On the connection front, ten years ago, the world had 500 million devices hooked up to the Internet. Today, that number is up to 12 billion. “In 2013”, says Padma Warrior, the chief technology and strategy officer of Cisco, “eighty new things were being connected to the Internet every second. That’s nearly 7 million per day, 2.5 billion per year. In 2014, the number reached almost 100 per second. By 2020, it’ll grow to more than 250 per second, or 7.8 billion per year. Add all of these numbers up and that’s more than 50 billion things connected to the Internet by 2020.” And it’s this explosion of connectivity that is building the Internet-of-Things (IoT).
A recent study by Cisco estimates that between 2013 and 2020, this uber-network will generate $19 trillion in value (net profit). Think about this for a moment. The U.S. economy hovers around $15 trillion a year. Cisco is saying that over the ten-year period, this new net will have an economic impact greater than America’s GDP. Talk about the land of opportunity.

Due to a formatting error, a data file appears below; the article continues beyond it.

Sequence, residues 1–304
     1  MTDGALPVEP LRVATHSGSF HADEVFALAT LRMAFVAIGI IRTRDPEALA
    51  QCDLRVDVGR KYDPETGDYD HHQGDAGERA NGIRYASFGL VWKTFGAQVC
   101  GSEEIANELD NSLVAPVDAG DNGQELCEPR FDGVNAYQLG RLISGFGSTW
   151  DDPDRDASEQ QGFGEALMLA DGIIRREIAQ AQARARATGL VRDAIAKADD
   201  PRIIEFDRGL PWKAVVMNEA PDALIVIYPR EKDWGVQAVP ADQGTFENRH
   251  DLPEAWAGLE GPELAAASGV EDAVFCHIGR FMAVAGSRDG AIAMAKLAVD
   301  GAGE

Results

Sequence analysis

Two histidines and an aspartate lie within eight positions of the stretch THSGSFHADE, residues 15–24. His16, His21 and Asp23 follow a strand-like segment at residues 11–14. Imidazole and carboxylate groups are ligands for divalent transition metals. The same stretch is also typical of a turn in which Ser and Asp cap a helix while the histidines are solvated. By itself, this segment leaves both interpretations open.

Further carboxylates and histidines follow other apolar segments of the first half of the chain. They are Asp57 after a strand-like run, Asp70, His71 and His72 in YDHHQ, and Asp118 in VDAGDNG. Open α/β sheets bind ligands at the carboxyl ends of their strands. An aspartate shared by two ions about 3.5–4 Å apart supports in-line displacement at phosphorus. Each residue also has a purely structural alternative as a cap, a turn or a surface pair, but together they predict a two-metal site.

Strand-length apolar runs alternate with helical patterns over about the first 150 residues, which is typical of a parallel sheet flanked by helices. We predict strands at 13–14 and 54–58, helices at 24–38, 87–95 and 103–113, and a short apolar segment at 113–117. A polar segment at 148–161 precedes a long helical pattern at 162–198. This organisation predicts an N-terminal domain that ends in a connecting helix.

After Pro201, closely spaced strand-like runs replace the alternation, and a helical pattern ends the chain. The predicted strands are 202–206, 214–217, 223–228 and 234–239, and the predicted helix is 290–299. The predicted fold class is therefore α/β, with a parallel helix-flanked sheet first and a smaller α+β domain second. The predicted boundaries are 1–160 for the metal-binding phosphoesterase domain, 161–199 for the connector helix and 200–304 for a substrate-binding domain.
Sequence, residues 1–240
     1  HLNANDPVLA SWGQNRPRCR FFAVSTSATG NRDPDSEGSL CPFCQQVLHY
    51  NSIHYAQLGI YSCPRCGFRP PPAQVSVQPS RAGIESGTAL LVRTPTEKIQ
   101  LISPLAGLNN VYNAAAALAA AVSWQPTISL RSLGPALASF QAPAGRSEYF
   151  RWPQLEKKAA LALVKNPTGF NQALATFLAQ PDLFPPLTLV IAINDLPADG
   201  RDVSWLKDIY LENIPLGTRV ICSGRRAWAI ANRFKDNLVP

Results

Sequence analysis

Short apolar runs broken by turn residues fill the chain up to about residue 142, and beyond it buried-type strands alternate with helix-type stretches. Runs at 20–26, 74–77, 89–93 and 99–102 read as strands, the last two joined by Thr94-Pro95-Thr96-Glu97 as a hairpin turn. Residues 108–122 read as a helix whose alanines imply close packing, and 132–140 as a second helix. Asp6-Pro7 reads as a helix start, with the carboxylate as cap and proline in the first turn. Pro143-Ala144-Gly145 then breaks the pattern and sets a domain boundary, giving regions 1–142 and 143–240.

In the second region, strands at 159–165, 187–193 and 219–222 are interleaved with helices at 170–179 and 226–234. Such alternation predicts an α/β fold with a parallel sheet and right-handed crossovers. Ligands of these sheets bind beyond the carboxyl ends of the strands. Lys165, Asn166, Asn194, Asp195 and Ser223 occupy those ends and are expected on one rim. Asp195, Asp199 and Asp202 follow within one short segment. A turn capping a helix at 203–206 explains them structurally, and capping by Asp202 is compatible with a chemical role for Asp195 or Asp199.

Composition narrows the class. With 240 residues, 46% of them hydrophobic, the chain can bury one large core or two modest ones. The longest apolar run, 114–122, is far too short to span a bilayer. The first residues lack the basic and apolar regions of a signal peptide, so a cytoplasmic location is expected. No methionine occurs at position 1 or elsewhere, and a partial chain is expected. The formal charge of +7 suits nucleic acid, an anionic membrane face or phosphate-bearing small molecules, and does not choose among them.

So where does that opportunity lie exactly? Well, most researchers feel that there are two critical categories worth exploring information and automation. Let’s start with the former.
Our world of networks and sensors generates enormous quantities of information, much of which is extremely valuable. Take traffic data. A decade back, Navteq built a network of in-road sensors across 400,000 kilometers of Europe. In October 2007, mobile phone giant Nokia paid $8.1 billion for that network. Fast-forward five years to mid-2013, when Google paid $1 billion to acquire Waze, an Israeli-based company that generates maps and traffic information, not via electronic sensors, but instead via crowdsourced user reports – i.e., human sensors, generating maps by using GPS to track the movements of some 50 million users, then generating traffic-flow data as those users voluntarily share information about slowdowns, speed traps, and road closures in real time.